Gardener's Grapevine 2011.06.15

Written by David Green.

On Saturday women from our church went to Shalom Tea Room in Sylvania, Ohio. We had a great time and it was very enlightening. We had tea and a light lunch. They served many varieties of tea and it was interesting to see what was used to make the different kinds. The Garden Club has been there also.

One thinks of tea and tea leaves, but some tea is made with absolutely no tea leaves. We had a lovely dessert tea called strawberry kiwi that had no tea leaves and actually had rose hips in it. Tea has been a staple in societies around the world for thousands of years. This tea room offers a theme every month for its luncheons and one of the ones slated for this summer is an African tea. Sounds interesting to me!

On the way home there were four generations of my family in the car—my grandmother, aunt, her granddaughter and myself. We got to talking about gardening and how people eat different things.

My grandmother, Katherine Wollter, remembered her mother, Hila Eldridge, cooking dandelion greens in the spring. She would point at the one she wanted and my aunt would use a kitchen knife to remove it. They had to be picked before the blooms started to form as that was when they were the most tender to eat. These were washed and cooked much like greens or wilted lettuce is today.

I remember eating with my great-grandparents once and they were all excited about having dandelion greens for lunch. One bite told me all I needed to know—yuck! Bitter to an extreme must be an acquired taste. I asked why they would choose to eat something so very unpleasant. My grandmother replied that in those days there weren’t lettuces and such at the grocer’s, so they ate what was  available. After a long winter of eating what was put up in the cellar, fresh greens were a treat. I think a Snickers is a treat, or a fresh homegrown tomato, not my arch enemy weed Number One. I cut these out of my lawn with a vengeance in the spring.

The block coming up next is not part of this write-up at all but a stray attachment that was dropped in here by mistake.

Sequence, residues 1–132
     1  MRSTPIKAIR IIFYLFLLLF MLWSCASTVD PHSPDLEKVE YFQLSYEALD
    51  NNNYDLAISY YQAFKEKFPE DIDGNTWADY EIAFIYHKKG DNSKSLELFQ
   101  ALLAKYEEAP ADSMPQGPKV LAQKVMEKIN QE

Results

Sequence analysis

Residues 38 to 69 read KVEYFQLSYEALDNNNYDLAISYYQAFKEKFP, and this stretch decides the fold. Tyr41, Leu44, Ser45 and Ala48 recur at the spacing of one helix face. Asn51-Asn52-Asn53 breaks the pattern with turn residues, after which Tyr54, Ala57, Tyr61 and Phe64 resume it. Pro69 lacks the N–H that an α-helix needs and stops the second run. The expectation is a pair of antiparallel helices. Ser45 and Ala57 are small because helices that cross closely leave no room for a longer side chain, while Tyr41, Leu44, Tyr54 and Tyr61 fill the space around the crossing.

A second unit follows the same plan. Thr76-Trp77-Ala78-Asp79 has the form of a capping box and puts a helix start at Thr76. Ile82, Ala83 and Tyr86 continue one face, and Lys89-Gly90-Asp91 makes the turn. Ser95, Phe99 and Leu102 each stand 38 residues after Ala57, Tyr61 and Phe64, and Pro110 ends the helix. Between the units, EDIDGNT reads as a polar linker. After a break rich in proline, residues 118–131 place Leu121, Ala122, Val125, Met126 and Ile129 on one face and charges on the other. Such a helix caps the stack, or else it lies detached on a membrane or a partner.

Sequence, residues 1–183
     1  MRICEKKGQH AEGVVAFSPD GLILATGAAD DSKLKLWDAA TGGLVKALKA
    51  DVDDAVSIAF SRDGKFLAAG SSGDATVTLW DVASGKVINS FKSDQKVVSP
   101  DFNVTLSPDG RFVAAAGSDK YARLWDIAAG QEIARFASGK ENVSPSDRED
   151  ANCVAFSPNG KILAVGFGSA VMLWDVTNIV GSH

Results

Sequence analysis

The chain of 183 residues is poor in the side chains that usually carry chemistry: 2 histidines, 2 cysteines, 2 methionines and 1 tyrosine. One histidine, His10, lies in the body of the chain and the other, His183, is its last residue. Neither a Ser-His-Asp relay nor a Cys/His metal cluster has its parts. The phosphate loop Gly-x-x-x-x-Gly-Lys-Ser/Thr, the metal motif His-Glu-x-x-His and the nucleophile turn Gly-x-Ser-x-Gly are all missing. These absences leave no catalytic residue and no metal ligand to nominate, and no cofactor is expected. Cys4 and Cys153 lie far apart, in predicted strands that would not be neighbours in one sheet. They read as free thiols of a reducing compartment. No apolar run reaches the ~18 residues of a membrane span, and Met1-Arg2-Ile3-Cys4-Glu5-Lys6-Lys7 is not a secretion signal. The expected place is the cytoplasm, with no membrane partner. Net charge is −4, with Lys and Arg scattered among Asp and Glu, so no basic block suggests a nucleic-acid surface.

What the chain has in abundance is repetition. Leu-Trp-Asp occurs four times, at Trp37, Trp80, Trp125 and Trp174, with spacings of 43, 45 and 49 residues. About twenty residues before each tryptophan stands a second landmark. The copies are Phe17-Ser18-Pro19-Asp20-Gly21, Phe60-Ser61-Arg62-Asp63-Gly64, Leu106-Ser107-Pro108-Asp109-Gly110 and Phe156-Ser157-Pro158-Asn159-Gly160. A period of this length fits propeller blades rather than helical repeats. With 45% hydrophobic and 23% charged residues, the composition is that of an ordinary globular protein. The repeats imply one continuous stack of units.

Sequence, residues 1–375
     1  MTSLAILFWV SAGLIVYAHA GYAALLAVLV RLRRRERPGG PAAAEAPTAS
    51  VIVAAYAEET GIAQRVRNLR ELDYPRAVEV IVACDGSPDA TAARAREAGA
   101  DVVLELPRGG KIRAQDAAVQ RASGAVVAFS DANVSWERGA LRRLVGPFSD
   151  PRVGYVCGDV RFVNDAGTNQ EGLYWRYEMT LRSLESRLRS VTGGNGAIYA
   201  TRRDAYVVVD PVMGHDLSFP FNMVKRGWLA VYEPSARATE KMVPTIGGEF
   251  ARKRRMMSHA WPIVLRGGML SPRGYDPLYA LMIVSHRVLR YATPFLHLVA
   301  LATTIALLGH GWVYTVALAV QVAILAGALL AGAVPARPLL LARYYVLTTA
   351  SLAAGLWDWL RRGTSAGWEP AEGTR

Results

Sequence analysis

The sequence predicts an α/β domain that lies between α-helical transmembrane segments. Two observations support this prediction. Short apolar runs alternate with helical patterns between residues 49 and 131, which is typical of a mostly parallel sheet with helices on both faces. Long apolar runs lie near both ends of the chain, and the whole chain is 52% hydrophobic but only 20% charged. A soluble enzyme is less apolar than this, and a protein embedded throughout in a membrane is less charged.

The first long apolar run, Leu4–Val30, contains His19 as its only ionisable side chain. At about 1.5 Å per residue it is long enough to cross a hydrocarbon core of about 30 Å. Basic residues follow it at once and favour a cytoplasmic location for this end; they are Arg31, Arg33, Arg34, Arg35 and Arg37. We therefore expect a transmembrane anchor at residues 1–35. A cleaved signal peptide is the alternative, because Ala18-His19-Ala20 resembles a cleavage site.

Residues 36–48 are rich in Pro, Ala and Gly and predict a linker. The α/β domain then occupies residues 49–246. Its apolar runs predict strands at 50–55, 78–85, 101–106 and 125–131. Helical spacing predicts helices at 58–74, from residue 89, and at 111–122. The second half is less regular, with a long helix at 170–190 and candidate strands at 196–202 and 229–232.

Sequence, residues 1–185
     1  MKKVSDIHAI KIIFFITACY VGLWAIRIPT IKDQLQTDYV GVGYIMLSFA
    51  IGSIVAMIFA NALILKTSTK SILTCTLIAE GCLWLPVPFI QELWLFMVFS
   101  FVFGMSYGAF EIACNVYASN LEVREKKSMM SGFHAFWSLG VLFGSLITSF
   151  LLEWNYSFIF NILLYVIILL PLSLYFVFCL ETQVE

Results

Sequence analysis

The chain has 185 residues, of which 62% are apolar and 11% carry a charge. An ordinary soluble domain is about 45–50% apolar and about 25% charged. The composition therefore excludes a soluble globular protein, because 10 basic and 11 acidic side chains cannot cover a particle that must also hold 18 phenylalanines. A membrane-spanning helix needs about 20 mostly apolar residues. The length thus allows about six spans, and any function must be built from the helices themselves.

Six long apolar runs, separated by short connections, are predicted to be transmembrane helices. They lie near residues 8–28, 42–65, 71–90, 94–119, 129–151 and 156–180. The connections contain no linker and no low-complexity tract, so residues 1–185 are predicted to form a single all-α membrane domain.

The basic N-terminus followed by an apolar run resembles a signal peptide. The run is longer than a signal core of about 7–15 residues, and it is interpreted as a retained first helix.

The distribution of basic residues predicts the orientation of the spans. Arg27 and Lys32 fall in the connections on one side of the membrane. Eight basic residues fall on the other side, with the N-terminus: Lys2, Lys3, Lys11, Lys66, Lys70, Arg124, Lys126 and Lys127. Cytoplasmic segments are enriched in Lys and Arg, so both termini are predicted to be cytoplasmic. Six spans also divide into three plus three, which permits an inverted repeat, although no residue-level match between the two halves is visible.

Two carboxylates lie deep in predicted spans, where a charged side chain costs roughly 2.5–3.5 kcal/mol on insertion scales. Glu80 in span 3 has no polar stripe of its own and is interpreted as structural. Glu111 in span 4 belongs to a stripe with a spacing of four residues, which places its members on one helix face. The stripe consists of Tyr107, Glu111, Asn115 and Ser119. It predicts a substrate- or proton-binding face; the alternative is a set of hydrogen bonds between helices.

Lucas Johnson, our next door neighbor, had a desert tortoise growing up. It started out the size of a half dollar and from the beginning had a passion for dandelions. He never cared if it was flowering or not, he was in tortoise heaven with a bunch in his enclosure. Unfortunately, he got out one summer and disappeared, never to be seen again. He was a neat pet and we all miss him. I never look at a huge dandelion without thinking of him… and then I dig it out as fast as I can!

  • Homecoming Court
    HOMECOMING—One senior candidate will be chosen Morenci’s fall homecoming queen during half-time ceremonies Friday at the football field. In the back row are seniors Mikayla Price, who will be escorted by Mason Vaughn; Madison Bachman, escorted by Kiegan Merillat, and Mikayla Reinke, escorted by Griffin Grieder. Senior Ariana Roseman is absent from the photo. Her escort is Garrett Smith. In the front is sophomore Abbie White, who will be escorted by Ryder Price; junior Madysen Schmitz, escorted by Harley McCaskey and freshman Madison Keller, escorted by Jarett Cook.
  • Front.cross
    HUDSON RUNNER Jacob Morgan looks toward the top of the hill with dismay during the tough finish at Harrison Lake State Park. Fayette runner Jacob Garrow focuses on the summit, also, during the Eagle Invitational cross country run Saturday morning. Continuing rain and drizzle made the course even more challenging. Results of the race are in this week’s Observer.
  • Front.bear
    HOLDEN HUTCHISON gives a hug to a black bear cub—the product of a taxidermist’s skills—at the Michigan DNR’s Great Youth Jamboree. The event on Sunday marked the fourth year of the Jamboree. Additional photos are on page 12.
  • Front.crossing
    Crossing over—Jim Heiney was given a U.S. flag to carry by George Vereecke (behind Jim in the hat), turning him into the leader of the parade. Bridge Walk participants cross over Bean Creek while, in the background, members of the Morenci Legion Riders cross the main traffic bridge on East Street South. Additional photos appear on the back page of this week’s Observer.
  • Front.hose Testing
    HOSE safety—The FireCatt hose testing company from Troy put Morenci Fire Department hose to the test Monday morning when Mill Street was closed to traffic. The company also checks nozzles and ladders for wear in an effort to keep fire fighters safe while on calls.
  • Front.starting
    BIKE-A-THON—Children in Morenci’s Summer Recreation Program brought their bikes last Tuesday to participate in a bike-a-thon. Riders await the start of the event at the elementary school before being led on a course through town by organizer Leonie Leahy.
  • Front.train
    WRECKAGE—Morenci Fire Department member Taylor Schisler walks past the smoking wreckage of a semi-truck tractor on the north side of the Norfolk and Southern Railroad tracks on Ranger Highway. The truck trailer was on the south side of the tracks

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